We had chicken thighs, but these were in the freezer and frozen solid when we started cooking. Not the perfect start, but we work with what we have. Whip together a marinade of lemon juice, olive oil, salt, pepper, garlic, and rosemary. The marinade is good when it’s a little too salty and a little too acidic. Put it all in a bag with the chicken while chopping the veggies. Now put the oven to about 200 degrees. Chop potatoes, carrots, parsnips, and red onions in small chunks, the larger the chicken, the larger the pieces. Add a good dose of oil to a casserole and spread the chopped veggies to form a thin layer. Get the chicken out of the bag and try to massage in as much of the marinade as you can. Place the chicken atop the veggies, pour over some of the marinade and sprinkle over some rosemary. Place in the oven and cook until the chicken is done, the chicken should then be a little brownish on top, and when stabbed with a knife the liquid coming out should be clear and free of blood. The time in the oven varies from 20-30 minutes for room temperatured chicken thighs, an hour (or more) for frozen chicken thighs, to about two hours for an whole chicken (depending on the size). Turn the veggies every now and then if left in the oven for a long time.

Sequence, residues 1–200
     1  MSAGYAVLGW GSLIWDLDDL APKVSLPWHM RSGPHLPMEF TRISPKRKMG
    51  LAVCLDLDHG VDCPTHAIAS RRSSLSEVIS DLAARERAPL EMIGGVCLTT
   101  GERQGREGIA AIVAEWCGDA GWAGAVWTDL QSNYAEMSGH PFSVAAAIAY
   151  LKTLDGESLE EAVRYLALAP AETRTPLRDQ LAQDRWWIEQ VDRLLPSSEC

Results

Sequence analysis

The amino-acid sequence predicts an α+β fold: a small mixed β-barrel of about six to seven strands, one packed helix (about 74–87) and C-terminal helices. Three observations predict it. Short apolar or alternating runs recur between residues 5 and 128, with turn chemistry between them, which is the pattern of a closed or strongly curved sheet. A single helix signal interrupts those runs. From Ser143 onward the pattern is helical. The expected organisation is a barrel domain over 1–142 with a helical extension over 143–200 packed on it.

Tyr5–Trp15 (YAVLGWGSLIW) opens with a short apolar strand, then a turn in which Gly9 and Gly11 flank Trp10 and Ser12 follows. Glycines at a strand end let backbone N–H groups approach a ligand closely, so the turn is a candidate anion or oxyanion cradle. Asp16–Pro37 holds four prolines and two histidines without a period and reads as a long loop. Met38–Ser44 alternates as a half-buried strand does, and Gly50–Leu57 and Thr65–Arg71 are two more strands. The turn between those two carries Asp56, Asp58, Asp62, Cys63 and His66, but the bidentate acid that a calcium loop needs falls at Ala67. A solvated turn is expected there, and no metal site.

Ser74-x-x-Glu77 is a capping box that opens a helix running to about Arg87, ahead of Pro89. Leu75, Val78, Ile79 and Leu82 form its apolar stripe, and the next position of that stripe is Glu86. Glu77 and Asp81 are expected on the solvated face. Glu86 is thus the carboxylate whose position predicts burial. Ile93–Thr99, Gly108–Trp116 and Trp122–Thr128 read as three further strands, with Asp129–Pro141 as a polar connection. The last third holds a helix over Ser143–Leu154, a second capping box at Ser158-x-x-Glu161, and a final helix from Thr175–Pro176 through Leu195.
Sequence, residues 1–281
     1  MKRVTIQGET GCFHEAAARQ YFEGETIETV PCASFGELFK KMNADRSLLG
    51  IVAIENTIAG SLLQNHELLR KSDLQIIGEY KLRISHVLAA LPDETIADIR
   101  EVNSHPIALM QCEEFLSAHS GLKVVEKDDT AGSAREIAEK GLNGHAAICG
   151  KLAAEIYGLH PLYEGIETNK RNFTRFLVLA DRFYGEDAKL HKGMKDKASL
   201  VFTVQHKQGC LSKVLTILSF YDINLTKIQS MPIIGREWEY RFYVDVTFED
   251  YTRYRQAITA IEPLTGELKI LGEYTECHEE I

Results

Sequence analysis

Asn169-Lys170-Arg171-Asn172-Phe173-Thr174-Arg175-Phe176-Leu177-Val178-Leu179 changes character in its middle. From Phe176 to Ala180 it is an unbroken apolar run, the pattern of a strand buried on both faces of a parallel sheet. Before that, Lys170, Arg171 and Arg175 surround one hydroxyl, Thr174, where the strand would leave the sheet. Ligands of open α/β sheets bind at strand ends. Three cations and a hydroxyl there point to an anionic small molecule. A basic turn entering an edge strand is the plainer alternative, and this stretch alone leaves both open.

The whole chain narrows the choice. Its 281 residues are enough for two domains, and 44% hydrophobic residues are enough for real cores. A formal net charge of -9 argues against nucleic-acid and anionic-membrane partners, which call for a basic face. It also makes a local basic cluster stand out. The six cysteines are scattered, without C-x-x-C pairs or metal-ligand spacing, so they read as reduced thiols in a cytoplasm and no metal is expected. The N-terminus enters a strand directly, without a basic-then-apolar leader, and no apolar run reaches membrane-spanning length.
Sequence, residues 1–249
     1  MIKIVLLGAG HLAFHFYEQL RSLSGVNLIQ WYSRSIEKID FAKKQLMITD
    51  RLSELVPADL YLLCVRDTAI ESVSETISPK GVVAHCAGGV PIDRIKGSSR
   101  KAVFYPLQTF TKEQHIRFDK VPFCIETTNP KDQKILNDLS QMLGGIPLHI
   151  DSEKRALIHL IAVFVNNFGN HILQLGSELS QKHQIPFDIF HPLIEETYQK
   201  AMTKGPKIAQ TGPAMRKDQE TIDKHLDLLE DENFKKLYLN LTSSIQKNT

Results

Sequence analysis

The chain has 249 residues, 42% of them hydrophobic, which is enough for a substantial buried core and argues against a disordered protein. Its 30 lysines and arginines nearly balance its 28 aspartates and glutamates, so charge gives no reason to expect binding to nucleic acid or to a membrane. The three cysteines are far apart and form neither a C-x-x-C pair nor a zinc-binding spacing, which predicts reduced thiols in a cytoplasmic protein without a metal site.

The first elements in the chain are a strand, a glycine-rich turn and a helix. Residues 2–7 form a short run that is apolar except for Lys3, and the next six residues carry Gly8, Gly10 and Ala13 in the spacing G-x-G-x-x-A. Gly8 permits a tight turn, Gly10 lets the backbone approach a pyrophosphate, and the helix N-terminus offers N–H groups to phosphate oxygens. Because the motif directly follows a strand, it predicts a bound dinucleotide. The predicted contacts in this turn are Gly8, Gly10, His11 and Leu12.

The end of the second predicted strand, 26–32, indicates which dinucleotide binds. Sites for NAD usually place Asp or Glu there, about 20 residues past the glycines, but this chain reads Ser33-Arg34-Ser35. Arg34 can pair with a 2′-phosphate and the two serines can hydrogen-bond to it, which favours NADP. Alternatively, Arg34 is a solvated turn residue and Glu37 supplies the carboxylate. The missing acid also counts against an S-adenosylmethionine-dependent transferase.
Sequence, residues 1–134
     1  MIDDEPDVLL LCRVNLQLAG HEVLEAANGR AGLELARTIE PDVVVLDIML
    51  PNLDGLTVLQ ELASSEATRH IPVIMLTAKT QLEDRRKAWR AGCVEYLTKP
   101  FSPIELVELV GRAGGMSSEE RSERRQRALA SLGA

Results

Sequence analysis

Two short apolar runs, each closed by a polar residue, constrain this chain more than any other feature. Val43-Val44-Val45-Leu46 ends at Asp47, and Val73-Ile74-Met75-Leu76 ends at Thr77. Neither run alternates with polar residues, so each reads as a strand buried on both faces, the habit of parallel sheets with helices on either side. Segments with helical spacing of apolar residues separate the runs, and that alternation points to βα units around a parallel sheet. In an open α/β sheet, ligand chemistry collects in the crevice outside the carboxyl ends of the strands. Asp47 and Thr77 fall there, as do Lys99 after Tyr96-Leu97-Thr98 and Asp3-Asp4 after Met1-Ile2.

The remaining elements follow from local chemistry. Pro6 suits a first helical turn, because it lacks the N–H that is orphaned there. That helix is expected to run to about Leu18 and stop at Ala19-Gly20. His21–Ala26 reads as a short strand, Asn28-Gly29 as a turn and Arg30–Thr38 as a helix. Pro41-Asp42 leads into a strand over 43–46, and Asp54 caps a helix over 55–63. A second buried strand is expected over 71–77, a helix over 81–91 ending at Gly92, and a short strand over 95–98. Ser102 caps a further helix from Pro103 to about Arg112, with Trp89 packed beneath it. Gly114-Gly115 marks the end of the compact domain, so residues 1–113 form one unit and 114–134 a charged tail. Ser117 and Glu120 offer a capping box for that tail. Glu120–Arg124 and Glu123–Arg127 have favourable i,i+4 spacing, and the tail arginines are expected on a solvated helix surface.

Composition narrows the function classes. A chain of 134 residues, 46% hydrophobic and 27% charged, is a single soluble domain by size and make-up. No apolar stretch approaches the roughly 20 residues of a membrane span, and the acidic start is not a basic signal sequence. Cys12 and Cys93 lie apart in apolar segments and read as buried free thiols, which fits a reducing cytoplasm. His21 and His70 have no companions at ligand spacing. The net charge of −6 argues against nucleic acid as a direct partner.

This dish is so easy and so good. The chicken is tender and succulent, while the veggies caramelize and bring out the best flavours.
Fish dinners are not my strong side. I know more about various fish types now than I did a few years ago, and I know how to prepare most of them, but still I feel like there is little variation in the fish dinners I serve and I often find them a little bland. There are a few exceptions though, both are salmon recipes. I will show you one today.
This recipe is the easiest fish recipe you can imagine – and it is also very good! For three people you need: